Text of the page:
Chinese woman said to be detained after tossing ink on poster with image of President Xi Jinping

In the video, Dong Yaoqiong splashes ink on a poster bearing President Xi's image at a location in Shanghai's financial district, saying defiantly: "Xi Jinping, I'm right here waiting for you to arrest me."
In the video, Dong Yaoqiong splashes ink on a poster bearing President Xi's image at a location in Shanghai's financial district, saying defiantly: "Xi Jinping, I'm right here waiting for you to arrest me."PHOTO: SCREENGRAB FROM TWITTER/HUAYONG798

SHANGHAI (AFP) - A woman who live-streamed herself throwing ink onto a picture of Chinese President Xi Jinping has been detained, according to activists who accuse authorities of suppressing speech to protect a "cult of personality" around the country's leader.

The US-based Chinese Human Rights Defenders activist network said authorities have also taken the woman's father and a Chinese artist into custody after they sought to publicise her plight on social media.

The woman, who has been identified by activists as 28-year-old Dong Yaoqiong, went live on Twitter on July 4 in a video in which she accused the ruling Communist Party of employing "oppressive brain control".

In the video, retweeted tens of thousands of times, Ms Dong splashes ink on a poster bearing President Xi's image at a location in Shanghai's financial district, saying defiantly: "Xi Jinping, I'm right here waiting for you to arrest me."

The Chinese Human Rights Defenders said Ms Dong is believed to have been arrested later that day and that her Twitter account was deleted hours after the incident.

Her final tweet included a photo of several uniformed men outside her apartment.

The Chinese Human Rights Defenders said authorities were "suppressing freedom of speech to protect Xi Jinping's cult of personality".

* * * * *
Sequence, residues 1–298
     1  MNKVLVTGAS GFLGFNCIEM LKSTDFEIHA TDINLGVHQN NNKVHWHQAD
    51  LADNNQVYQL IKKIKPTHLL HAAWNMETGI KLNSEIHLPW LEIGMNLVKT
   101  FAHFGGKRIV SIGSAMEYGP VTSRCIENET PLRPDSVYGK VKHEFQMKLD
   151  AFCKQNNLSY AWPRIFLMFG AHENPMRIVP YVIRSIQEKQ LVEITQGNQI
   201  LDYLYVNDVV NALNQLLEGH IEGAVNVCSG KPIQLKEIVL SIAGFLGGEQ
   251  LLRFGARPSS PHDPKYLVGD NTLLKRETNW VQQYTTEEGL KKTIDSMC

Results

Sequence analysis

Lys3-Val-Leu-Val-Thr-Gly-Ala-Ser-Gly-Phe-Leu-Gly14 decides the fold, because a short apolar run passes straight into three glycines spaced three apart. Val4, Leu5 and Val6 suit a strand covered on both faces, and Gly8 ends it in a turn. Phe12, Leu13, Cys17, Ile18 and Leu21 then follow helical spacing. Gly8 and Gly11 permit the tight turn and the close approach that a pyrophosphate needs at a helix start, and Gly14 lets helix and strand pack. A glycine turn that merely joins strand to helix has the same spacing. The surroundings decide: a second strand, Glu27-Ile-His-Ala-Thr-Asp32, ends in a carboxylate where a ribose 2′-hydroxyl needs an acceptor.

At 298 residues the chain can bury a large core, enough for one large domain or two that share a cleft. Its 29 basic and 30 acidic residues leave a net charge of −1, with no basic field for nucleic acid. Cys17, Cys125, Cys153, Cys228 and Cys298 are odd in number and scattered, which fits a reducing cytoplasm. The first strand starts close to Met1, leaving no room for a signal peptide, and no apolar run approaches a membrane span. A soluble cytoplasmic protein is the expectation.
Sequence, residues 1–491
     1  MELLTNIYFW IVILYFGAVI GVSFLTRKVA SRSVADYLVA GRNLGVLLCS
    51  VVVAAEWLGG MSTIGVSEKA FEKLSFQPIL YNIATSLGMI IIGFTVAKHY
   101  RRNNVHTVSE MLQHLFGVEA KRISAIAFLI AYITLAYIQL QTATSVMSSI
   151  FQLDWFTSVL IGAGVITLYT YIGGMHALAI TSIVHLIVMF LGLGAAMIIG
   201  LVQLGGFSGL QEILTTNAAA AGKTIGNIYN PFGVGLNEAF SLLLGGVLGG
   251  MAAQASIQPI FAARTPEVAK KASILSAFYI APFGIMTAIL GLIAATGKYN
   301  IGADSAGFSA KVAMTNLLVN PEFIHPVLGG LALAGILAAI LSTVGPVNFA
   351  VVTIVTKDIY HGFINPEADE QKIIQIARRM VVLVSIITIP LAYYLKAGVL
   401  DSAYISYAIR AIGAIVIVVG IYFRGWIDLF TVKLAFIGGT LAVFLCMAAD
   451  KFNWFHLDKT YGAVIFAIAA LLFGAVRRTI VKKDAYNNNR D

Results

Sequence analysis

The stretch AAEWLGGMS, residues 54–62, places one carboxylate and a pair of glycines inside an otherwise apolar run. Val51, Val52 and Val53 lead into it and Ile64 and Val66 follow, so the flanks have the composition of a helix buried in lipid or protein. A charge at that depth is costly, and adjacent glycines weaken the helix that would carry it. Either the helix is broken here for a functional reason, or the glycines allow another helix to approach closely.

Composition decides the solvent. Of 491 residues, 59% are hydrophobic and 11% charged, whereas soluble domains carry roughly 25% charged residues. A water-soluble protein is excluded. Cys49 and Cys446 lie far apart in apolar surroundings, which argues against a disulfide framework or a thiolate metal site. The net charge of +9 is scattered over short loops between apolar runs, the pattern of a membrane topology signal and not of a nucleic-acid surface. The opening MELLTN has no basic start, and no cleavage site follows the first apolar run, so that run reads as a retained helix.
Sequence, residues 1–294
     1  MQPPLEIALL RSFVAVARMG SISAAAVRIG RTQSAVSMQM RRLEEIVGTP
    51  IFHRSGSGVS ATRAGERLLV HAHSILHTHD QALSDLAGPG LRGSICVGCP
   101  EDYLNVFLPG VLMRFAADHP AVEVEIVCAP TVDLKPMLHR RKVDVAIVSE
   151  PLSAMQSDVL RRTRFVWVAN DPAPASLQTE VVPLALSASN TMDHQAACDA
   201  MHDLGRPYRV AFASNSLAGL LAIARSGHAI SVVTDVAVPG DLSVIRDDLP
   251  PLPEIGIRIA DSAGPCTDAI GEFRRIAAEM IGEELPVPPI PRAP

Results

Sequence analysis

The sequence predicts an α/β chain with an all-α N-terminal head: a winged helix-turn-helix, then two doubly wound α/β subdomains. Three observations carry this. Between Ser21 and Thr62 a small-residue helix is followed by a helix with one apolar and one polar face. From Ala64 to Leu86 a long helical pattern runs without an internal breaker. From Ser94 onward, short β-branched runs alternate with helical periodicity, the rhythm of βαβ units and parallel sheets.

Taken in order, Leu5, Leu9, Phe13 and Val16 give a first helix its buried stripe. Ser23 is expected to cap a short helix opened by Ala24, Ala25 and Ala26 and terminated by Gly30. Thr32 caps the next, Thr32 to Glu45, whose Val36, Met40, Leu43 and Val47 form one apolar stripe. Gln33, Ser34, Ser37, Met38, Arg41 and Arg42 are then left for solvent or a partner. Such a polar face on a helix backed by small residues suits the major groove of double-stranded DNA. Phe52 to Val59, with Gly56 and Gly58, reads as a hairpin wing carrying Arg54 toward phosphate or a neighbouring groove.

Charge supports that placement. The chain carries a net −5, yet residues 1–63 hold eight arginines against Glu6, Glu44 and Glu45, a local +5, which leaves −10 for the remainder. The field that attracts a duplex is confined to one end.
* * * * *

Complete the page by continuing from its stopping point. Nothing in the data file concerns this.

Twitter is blocked by China, along with some other major foreign social media sites such as Facebook, but can be accessed via easily available censor-evading software.

Chinese authorities swiftly punish those who deface leaders' images and other Communist symbols.

Ms Dong's act comes at a particularly sensitive time as the government aggressively nurtures a cult of personality around Mr Xi, especially since he dramatically strengthened his hold on power during a Communist Party congress late last year.

Agence France-Presse (AFP) has been unable to verify the woman's identity, but a man claiming to be her father Dong Jianbiao at one point confirmed it by posting her government-issued identity card.

A statement attributed to the father that circulated on Twitter called his daughter's detention an "act of kidnapping like bandits, an act of the law enforcement breaking the law".

He and the artist Hua Yong both have since disappeared in the last few days after calling on social media for the woman's release, activists said.

Mr Hua was previously detained in 2017 after documenting the mass eviction of migrants in Beijing.

Shanghai police denied knowledge of the case when contacted by AFP.